[Python-Dev] [Email-SIG] Dropping bytes "support" in json

Barry Warsaw barry at python.org
Fri Apr 10 19:21:45 CEST 2009

On Apr 10, 2009, at 1:22 AM, Stephen J. Turnbull wrote:

>> Those objects have headers and payload.  The payload can be of any
>> type, though I think it generally breaks down into "strings" for  
>> text/
>> * types and bytes for anything else (not counting multiparts).
> *sigh*  Why are you back-tracking?

I'm not.  Sleep deprivation on makes it seem like that.

> The payload should be of an appropriate *object* type.  Atomic object
> types will have their content stored as string or bytes [nb I use
> Python 3 terminology throughout].  Composite types (multipart/*) won't
> need string or bytes attributes AFAICS.

Yes, agreed.

> Start by implementing the application/octet-stream and
> text/plain;charset=utf-8 object types, of course.

Yes.  See my lament about using inheritance for this.

>> It does seem to make sense to think about headers as text header  
>> names
>> and text header values.
> I disagree.  IMHO, structured header types should have object values,
> and something like

While I agree, there's still a need for a higher level API that make  
it easy to do the simple things.

> message['to'] = "Barry 'da FLUFL' Warsaw <barry at python.org>"
> should be smart enough to detect that it's a string and attempt to
> (flexibly) parse it into a fullname and a mailbox adding escapes, etc.
> Whether these should be structured objects or they can be strings or
> bytes, I'm not sure (probably bytes, not strings, though -- see next
> exampl).  OTOH
> message['to'] = b'''"Barry 'da.FLUFL' Warsaw" <barry at python.org>'''
> should assume that the client knows what they are doing, and should
> parse it strictly (and I mean "be a real bastard", eg, raise an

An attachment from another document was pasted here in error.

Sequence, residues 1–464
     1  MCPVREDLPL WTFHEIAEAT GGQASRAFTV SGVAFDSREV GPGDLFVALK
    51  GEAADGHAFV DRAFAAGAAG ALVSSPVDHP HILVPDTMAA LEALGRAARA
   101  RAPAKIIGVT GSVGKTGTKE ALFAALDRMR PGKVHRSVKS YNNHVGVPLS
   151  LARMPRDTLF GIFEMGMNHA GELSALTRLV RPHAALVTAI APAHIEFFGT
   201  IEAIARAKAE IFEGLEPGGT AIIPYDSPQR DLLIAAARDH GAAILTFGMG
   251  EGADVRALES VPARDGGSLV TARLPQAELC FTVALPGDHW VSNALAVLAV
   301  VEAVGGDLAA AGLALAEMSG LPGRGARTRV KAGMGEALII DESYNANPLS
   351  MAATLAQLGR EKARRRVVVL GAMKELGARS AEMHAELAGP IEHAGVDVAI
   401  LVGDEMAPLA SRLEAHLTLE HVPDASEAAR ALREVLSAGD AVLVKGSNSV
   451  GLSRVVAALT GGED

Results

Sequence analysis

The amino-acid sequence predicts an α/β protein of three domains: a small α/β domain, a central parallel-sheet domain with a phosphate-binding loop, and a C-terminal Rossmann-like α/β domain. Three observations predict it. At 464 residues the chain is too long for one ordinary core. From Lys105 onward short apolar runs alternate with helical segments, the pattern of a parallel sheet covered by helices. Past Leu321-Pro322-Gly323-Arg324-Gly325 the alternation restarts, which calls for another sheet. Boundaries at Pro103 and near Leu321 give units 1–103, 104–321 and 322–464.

> exception on any non-ASCII octet), merely dividing it into fullname
> and mailbox, and caching the bytes for later insertion in a
> wire-format message.

I agree that the Message class needs to be strict.  A parser needs to  
be lenient; see the .defects attribute introduced in the current email  
package.  Oh, and this reminds me that we still haven't talked about  
idempotency.  That's an important principle in the current email  
package, but do we need to give up on that?

>> In that case, I think you want the values as unicodes, and probably
>> the headers as unicodes containing only ASCII.  So your table would  
>> be
>> strings in both cases.  OTOH, maybe your application cares about the
>> raw underlying encoded data, in which case the header names are
>> probably still strings of ASCII-ish unicodes and the values are
>> bytes.  It's this distinction (and I think the competing use cases)
>> that make a true Python 3.x API for email more complicated.
> I don't see why you can't have the email API be specific, with
> message['to'] always returning a structured_header object (or maybe
> even more specifically an address_header object), and methods like
> message['to'].build_header_as_text()
> which returns
> """To: "Barry 'da.FLUFL' Warsaw" <barry at python.org>"""
> and
> message['to'].build_header_in_wire_format()
> which returns
> b"""To: "Barry 'da.FLUFL' Warsaw" <barry at python.org>"""
> Then have email.textview.Message and email.wireview.Message which
> provide a simple interface where message['to'] would invoke
> .build_header_as_text() and .build_header_in_wire_format()
> respectively.

This seems similar to Glyph's basic idea, but with a different spelling.

>> Thinking about this stuff makes me nostalgic for the sloppy happy  
>> days
>> of Python 2.x
> Er, yeah.
> Nostalgic-for-the-BITNET-days-where-everything-was-Just-EBCDIC-ly  
> y'rs,

Can I have my uucp address back now?

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